A spear thought to have killed explorer Captain James Cook belongs in a museum devoted to walking sticks.

That is the considered opinion of Cliff Thornton, Britain's leading expert on the explorer and president of the Captain Cook Society.

The spear, which was made into a walking stick, was sold for £135,000 at Edinburgh auctioneers Lyon and Turnbull to an anonymous private bidder last Wednesday.

It had been handed down through the family of one of Cook's fellow naval officers and bears the inscription: "From Adml. CBH Ross to Admiral Sir David Milen, GCB. Made of the spear that killed Captain Cook."

But Mr Thornton said: "The best place for the 'Cook' spear is in a museum devoted to walking sticks."

He said he has studied the events surrounding the death of the Middlesbrough-born explorer at Kealekekua Bay, Hawaii, in 1779. Eyewitness accounts do not refer to a spear but mention instead clubs and a steel spike.

He said that after Cook's death there was little trading done with islanders and so little chance of acquiring the spear.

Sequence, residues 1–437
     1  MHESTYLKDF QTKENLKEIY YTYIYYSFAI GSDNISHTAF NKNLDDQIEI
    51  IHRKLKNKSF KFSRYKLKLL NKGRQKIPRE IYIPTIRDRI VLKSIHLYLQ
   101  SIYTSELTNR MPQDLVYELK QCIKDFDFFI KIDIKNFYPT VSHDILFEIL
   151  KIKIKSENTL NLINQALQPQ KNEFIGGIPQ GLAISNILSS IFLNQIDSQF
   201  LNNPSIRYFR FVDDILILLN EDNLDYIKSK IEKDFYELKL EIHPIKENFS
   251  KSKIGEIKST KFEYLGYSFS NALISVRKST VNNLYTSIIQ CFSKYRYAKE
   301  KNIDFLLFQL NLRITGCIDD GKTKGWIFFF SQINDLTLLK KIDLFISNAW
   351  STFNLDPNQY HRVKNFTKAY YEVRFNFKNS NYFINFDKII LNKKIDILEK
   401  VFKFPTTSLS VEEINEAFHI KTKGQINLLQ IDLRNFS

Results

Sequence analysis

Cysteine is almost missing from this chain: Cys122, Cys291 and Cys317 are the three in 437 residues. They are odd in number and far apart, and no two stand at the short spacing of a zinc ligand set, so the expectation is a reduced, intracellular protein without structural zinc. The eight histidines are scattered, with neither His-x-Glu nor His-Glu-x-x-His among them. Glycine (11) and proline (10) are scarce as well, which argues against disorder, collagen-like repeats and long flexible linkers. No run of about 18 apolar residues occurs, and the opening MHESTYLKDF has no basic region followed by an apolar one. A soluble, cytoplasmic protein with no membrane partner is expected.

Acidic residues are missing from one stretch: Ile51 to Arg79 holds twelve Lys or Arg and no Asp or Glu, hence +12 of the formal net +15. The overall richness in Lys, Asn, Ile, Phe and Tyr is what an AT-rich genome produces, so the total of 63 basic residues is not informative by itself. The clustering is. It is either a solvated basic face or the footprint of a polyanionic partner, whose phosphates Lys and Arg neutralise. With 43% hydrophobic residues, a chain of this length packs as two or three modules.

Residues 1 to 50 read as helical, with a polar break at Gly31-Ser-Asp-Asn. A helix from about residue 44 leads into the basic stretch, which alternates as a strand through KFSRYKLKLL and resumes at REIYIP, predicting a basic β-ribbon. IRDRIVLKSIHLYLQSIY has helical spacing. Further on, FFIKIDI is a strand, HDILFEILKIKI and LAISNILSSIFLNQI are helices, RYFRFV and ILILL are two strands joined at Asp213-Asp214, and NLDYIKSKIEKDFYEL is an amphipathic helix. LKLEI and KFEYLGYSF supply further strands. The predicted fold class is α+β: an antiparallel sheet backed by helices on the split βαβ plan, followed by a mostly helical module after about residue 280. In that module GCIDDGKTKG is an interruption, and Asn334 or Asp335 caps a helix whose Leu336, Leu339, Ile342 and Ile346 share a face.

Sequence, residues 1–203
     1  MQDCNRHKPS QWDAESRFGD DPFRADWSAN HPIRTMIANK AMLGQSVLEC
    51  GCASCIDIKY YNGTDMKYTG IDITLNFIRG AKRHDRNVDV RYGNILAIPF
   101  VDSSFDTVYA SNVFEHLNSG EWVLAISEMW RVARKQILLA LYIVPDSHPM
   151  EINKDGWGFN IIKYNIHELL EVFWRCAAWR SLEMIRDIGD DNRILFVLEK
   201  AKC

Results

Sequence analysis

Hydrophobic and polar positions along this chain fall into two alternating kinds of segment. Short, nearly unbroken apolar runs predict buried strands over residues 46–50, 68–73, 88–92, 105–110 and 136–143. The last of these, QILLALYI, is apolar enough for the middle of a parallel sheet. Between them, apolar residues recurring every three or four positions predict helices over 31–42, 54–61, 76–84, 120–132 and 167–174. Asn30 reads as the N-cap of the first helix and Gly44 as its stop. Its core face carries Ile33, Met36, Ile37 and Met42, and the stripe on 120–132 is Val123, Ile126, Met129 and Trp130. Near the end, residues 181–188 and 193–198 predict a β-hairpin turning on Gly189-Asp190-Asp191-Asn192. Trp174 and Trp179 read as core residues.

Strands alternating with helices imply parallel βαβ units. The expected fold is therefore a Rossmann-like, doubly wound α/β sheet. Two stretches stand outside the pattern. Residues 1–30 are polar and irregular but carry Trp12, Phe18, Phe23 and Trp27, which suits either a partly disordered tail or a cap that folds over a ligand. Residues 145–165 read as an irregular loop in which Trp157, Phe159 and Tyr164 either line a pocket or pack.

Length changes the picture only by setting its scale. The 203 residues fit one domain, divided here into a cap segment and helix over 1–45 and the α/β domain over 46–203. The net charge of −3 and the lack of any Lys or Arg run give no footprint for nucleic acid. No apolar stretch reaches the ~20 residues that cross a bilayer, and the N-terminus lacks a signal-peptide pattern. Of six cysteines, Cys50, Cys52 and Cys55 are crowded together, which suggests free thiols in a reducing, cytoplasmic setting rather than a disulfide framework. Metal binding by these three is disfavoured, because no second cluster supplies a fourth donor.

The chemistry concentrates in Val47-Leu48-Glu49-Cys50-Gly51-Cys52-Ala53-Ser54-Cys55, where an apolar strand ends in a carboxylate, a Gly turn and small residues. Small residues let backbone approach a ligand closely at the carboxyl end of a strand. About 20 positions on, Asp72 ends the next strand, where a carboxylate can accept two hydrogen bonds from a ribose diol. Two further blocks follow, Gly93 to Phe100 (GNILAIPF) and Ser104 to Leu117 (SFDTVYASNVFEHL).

Mr Clifton added that there are dozens of museums around the world claiming to have the weapon that killed Cook, including the Cook Birthplace Museum in Marton, Middlesbrough.

"Some people clearly have more money than sense," he said.

Philip Gregory, a spokesman for Lyon and Turnbull, said the auctioneers made clear that there was no definitive proof that the spear was the murder weapon.

He said: "We've never said 'this is the spear which killed Cook', but we say that it might be. We've always had a sentence explaining the position in the catalogue and all our literature.

"The buyer herself was very aware of that, but there's a nice story around the piece and no one can really say whether it was the weapon that took Cook's life or not."